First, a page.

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live music review: ariel pink’s haunted graffiti, irving plaza, 2 june 2011

Ariel Pink's Haunted Graffiti

I have to start this concert review a little differently than the standard because Ariel Pink’s Haunted Graffiti is nowhere close to typical. How can I describe the magical weirdness of Ariel Pink?  His ‘not all there’ personality, random lyrics, misguided intensity and public moments of self-loathing make him the premier hipster superstar he is. His shows are as much about his personality and tendency towards temper tantrums as much as they are about his unique brand of lo-fi psychedelic freak folk.

It’s safe to say that Ariel Pink is a bit of a ‘mad genius’, as evidenced by fellow ‘lo-fi weirdo’ Wayne Coyne’s introduction in the above video. He’s been involved with several different live outfits before solidifying his band Haunted Graffiti in 2008, he’s made making his own albums for over a decade and was the first musician signed with Animal Collective’s label besides the members of the band in 2004. After he started performing exclusively with Haunted Graffiti, his sound shifted to a much cleaner, more clearly produced and more easily accessible style than his earlier sound and he began to play shows to people who didn’t hate him so much.

Indie music bible Pitchfork gave the band’s June 2010 release Before Today a prestigious 9.0/10.0 score and named lead single ‘Round and Round’ the best song of 2010. Either one of these honors from the online music magazine is enough to catapult a buzzband into the mainstream; after earning both, it’s no surprise that Ariel Pink’s Haunted Graffiti has garnered significant mainstream popularity over the past year. The band’s reputation and hint of underground status have brought them to New York several times this year, and on June 2, 2011 I went to their show at Irving Plaza (Fun fact:  I hadn’t been to the venue since 2005, when 16-year-old Christine Campbell was the youngest VIP audience member at that Robert Plant & The Strange Sensation show… my, ‘what a long, strange trip it’s been’).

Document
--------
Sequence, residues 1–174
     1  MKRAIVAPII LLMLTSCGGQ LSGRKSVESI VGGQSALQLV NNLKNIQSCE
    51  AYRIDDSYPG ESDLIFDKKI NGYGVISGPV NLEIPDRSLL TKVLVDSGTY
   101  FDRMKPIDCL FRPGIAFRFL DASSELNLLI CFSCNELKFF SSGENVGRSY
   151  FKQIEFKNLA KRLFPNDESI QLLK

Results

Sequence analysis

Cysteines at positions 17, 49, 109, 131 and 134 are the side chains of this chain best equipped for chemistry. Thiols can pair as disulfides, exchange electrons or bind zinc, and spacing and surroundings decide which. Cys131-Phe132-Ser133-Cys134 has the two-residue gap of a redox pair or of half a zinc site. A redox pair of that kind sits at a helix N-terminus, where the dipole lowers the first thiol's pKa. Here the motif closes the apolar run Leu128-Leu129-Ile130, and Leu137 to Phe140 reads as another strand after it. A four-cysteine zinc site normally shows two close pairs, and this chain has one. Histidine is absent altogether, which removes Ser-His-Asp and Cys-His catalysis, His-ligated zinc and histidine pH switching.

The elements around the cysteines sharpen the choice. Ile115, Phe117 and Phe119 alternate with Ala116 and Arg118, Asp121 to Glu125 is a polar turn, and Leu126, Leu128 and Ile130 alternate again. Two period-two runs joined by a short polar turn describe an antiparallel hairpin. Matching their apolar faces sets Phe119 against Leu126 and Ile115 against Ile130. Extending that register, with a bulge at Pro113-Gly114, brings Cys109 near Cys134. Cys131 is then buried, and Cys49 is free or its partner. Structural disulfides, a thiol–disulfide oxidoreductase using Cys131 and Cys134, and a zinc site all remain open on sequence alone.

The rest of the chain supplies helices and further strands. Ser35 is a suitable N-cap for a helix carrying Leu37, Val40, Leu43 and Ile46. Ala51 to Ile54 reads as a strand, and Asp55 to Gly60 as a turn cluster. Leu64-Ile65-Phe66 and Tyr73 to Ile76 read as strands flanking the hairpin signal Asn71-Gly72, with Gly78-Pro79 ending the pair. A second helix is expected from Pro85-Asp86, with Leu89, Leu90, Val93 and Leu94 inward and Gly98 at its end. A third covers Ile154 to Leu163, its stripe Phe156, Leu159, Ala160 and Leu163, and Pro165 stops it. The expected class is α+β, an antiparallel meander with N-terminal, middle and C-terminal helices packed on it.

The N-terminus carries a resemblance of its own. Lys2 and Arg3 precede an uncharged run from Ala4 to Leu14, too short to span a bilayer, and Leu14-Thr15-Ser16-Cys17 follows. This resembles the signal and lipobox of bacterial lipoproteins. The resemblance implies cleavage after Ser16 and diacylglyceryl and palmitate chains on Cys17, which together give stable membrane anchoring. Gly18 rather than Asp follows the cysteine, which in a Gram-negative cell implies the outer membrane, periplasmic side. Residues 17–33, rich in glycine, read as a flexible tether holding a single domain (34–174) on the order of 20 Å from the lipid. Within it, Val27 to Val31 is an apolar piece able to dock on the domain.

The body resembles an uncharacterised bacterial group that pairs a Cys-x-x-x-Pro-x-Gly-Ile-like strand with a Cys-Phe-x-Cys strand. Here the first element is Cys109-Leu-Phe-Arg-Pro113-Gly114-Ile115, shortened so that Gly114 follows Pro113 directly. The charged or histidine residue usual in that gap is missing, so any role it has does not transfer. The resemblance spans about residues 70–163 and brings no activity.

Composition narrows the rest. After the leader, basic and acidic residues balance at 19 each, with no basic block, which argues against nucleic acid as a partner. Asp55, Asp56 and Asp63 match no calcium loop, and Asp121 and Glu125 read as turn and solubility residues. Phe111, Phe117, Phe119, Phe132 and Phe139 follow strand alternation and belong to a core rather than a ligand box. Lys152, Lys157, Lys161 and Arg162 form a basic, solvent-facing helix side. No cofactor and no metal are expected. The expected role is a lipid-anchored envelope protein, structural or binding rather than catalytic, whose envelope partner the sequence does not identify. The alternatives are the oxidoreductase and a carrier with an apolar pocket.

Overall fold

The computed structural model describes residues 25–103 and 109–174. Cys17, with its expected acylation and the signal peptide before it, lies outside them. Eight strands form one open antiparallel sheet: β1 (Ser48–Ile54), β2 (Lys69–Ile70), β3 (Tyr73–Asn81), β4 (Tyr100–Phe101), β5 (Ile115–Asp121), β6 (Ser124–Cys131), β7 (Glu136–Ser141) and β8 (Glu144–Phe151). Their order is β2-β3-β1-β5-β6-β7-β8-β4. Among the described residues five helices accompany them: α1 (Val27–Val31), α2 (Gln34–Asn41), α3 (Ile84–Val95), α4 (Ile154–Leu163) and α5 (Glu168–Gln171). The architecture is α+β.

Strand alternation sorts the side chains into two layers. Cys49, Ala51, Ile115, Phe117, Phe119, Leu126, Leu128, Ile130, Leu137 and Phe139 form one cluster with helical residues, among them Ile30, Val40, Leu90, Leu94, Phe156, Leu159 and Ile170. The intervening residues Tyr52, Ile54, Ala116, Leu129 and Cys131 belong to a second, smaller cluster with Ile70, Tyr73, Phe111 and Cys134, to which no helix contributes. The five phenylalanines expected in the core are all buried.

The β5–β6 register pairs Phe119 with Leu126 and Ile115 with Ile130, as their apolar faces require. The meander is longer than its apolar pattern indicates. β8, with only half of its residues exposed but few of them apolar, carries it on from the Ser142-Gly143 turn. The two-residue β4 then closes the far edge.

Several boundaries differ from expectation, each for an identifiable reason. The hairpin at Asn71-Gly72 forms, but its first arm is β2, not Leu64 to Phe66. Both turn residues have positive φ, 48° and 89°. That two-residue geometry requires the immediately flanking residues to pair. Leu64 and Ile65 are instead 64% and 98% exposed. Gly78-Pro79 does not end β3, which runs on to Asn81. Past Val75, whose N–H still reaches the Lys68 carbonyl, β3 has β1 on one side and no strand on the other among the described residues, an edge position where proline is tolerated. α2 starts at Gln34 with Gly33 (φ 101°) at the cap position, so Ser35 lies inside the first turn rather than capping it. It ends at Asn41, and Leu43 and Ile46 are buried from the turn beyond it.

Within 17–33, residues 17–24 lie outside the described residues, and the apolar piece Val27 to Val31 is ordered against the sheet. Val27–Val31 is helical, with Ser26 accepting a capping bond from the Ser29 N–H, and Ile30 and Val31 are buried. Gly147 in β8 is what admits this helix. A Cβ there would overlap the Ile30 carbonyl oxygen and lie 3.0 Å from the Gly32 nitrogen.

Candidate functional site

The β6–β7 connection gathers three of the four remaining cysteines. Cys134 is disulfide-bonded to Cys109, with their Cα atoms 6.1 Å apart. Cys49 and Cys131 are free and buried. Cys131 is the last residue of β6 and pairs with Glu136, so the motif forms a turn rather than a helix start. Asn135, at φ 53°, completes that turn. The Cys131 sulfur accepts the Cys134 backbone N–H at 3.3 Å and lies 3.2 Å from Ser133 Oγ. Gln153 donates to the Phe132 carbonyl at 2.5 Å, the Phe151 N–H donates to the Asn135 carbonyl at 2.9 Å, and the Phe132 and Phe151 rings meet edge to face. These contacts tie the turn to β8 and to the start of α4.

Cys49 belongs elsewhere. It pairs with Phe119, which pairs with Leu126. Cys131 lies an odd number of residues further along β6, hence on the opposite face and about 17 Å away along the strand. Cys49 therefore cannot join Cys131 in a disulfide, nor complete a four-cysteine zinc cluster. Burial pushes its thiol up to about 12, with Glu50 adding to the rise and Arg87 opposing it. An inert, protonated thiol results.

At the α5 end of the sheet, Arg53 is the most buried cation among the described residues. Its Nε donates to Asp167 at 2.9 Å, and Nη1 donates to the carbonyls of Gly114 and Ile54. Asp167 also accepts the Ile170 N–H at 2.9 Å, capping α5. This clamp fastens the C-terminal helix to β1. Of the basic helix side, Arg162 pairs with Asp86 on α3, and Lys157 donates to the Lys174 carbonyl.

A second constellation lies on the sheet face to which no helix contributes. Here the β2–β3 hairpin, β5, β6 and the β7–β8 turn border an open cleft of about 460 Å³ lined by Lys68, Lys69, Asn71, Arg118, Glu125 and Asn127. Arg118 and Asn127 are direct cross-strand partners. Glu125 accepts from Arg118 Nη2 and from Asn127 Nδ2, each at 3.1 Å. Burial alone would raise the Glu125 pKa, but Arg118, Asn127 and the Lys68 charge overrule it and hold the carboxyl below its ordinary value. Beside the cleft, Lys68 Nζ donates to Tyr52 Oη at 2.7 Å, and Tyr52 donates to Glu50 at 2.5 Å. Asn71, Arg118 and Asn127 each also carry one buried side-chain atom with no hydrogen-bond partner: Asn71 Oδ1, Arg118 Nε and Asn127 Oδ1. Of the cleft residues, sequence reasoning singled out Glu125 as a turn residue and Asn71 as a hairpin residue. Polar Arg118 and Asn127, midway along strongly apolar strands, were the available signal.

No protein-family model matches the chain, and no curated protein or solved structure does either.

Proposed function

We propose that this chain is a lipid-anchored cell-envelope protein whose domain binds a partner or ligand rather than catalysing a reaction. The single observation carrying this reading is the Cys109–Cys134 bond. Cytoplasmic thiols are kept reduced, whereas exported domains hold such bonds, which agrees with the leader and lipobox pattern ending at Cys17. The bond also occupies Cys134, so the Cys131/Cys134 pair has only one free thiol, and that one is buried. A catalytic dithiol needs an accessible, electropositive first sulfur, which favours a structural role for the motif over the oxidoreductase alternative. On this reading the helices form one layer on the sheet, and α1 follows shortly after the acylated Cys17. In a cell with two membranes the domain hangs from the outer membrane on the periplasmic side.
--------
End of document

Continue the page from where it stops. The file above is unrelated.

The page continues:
As much as I wanted to wait for a New York City-sized meltdown to confirm that the band is overrated and totally sucks, the longer I stood listening, the more I realized that their sound is what draws people in over theatrics or a shared love of psychedelic drugs. I’ve got to be honest: I walked in thinking everyone was there for the spectacle. But as the show went on, it became clear that everyone really was there for the music. The crowd at Irving Plaza was diverse, ranging from people my dad’s age to neo-hippie girls to Brooklyn hipsters to bros and everyone in between.

Ariel Pink’s Haunted Graffiti played a really entertaining set. Amidst the yelps, one-sided conversations and frantic happy introductions of guest band members, the group delivered a great mix of technically perfect versions of ‘Bright Lit Blue Skies’, ‘Menopause Man’ and ‘Beverly Kills’ off 2010’s Before Today, as well as more accessible older songs like Credit’ off 2005’s Worn Copy and my personal favorite and second encore song ‘Hardcore Pops are Fun’ off 2006’s House Arrest. Regardless of whether the majority of the crowd had an idea that there was an Ariel Pink before Pitchfork or not, there was that almost cheesy feeling of the true universal connection of enjoying the beautiful oddity of the live performance with your fellow man. That’s what makes concerts so great, and Ariel Pink’s Haunted Graffiti delivered a good show from technical, danceable and comedic viewpoints. And I mean really, what else can you ask for?

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